NIGERIA has just taken delivery over 4m doses of the Moderna coronavirus vaccine from the US received by United Nations Children Fund (Unicef) officials in Abuja as President Joe Biden fulfils his pledge to assist poorer countries with vaccination.
Upon assuming office in January, President Biden promised to assist poor and developing nations fight the pandemic by donating vaccines to them. On Sunday morning, he fulfilled this pledge to Nigeria as 4,000,080 doses of the vaccine arrived at the Nnamdi Azikiwe International Airport, Abuja.
Kathleen FitzGibbon, the deputy chief of mission at the US embassy in Abuja, said that the US through Covax and bilateral donations, was delivering millions of safe and effective vaccine doses to its partners, friends and allies around the world. This latest delivery was the second batch of vaccines to arrive Nigeria after an initial 4m doses were earlier delivered in March, under the Covax vaccine sharing facility.
Covax was set up to ensure the equitable distribution of vaccines, particularly to low-income countries and has already delivered more than 80m doses to 129 territories. Nigeria has since exhausted the initial 4m doses of the AstraZeneca vaccines received to kick-off her nationwide inoculation programme.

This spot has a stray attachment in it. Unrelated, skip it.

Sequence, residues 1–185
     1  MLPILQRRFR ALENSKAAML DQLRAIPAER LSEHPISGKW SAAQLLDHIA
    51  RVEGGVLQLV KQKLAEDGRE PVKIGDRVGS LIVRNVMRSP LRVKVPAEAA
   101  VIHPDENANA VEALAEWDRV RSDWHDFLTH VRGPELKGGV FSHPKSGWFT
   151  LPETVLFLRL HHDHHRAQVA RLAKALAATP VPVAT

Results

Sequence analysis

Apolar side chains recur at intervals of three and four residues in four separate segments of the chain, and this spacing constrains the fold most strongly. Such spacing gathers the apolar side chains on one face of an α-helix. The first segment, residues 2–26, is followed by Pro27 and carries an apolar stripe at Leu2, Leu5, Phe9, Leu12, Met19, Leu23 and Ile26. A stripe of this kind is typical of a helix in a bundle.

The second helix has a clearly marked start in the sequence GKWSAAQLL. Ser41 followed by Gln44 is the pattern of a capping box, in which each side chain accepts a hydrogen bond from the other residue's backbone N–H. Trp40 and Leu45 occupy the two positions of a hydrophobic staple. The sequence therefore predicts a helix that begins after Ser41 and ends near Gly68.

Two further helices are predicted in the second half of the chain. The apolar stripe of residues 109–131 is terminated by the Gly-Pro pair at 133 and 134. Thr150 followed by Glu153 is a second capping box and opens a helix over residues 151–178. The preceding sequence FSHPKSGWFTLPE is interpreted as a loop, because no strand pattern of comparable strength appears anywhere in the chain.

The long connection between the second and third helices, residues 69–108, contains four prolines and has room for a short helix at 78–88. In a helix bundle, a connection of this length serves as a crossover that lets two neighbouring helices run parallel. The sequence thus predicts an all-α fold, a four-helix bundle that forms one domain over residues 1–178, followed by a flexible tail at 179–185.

This Moderna vaccine is the mRNA type, of which two shots are administered through intramuscular injection, 28 days apart. Listed for emergency use by the World Health Organisation and approved by the National Agency for Food and Drug Administration and Control, the Modena vaccine is deemed safe and effective, based on data from large-scale clinical trials.
Ms FitzGibbon said: “America’s support for the global fight against Covid-19 includes donating 80m vaccine doses from its supplies to other countries and purchasing 500m vaccine doses to donate to nearly 100 developing countries. She added that the US was contributing $2bn to Covax, the global initiative to equitably distribute safe and effective Covid-19 vaccines worldwide.
“Delivering essential medicines, supplies and therapeutics, as well as other assistance to help countries rebuild economies, overcome food shortages and strengthen health security. The US will be the world’s arsenal of vaccines in our shared fight against this virus, President Biden said in a June 3 statement.
“We will continue to do all we can to build a world that is safer and more secure against the threat of infectious disease, ” Ms FitzGibbon added. She noted that in August, the 500m doses of the Pfizer vaccine that President Biden committed just before the G7, would also start moving and a significant portion of those will be deployed to Africa.